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Chapter 13: Disk Storage, Basic File Structures, and Hashing 11

Total active records


= 240,000 = 120,000 - X + 2X.
Hence, X = 120,000
Records before reorganization (i.e., before deleting any records physically) =
360,000.

(a) No. of blocks for Reorganization


= Blocks Read + Blocks Written.
-200 bytes/record and 2400 bytes/block gives us 12 records per block
-Reading involves 360,000 records; i.e. 360,000/12 = 30K blocks
-Writing involves 240,000 records; i.e., 240000/12 = 20K blocks.
Total blocks transferred during reorganization
= 30K + 20K = 50K blocks.

(b) Time to locate a record before reorganization. On an average we assume that


half the file will be read.
Hence, Time = (b/2)* btt = 15000 * 0.8 ms = 12000 ms.
= 12 sec.

(c) Time to locate a record after reorganization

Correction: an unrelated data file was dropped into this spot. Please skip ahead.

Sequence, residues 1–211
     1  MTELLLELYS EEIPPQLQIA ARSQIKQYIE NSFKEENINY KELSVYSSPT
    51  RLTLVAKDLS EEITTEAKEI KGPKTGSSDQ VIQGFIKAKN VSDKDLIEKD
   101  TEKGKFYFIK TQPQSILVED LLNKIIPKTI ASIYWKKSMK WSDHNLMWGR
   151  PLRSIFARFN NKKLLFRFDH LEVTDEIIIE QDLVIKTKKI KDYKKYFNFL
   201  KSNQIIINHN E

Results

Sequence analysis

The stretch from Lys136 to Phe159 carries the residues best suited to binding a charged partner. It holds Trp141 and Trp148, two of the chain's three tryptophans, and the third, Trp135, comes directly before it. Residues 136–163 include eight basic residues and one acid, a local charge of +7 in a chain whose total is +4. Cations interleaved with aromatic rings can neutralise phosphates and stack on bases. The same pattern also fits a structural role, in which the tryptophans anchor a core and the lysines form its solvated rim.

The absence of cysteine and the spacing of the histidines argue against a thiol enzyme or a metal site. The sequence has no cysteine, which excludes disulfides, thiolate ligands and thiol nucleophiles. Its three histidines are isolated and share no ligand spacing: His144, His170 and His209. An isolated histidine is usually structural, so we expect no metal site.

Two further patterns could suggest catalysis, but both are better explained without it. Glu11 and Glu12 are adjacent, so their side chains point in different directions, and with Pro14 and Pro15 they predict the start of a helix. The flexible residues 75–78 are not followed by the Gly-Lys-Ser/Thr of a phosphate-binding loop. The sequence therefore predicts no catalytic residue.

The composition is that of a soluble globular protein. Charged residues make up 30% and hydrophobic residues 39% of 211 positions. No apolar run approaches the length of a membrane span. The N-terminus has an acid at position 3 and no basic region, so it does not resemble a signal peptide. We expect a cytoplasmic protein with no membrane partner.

= (b/2) * btt = 10000 * 0.8 = 8 sec.

13.39 Suppose we have a sequential (ordered) file of 100000 records where each record is
240 bytes. Assume that B=2400 bytes, s=16 ms, rd=8.3 ms, and btt=0.8 ms. Suppose we
want to make X independent random records from the file. We could make X random block
reads or we could perform one exhaustive read of the entire file looking for those X records.
The question is to decide when it would be more efficient to perform one exhaustive read of
the entire file than to perform X individual random reads. That is, what is the value for X
when an exhaustive read of the file is more efficient than random X reads? Develop this
function of X.

Total blocks in file = 100000 records * 240 bytes/record divided by 2400


bytes/block = 10000 blocks.
Time for exhaustive read
= s + r + b.btt
= 16 + 8.3 + (10000) * 0.8
= 8024.3 msec
Let X be the # of records searched randomly that takes more time than
exhaustive read time.
Hence, X (s + r + btt) > 8024.3
X (16+8.3+0.8) > 8024.3
X > 8024.3/25.1
Thus, X > 319.69
i.e. If at least 320 random reads are to be made, it is better to search the file
exhaustively.

13.40 Suppose that a static hash file initially has 600 buckets in the primary area and that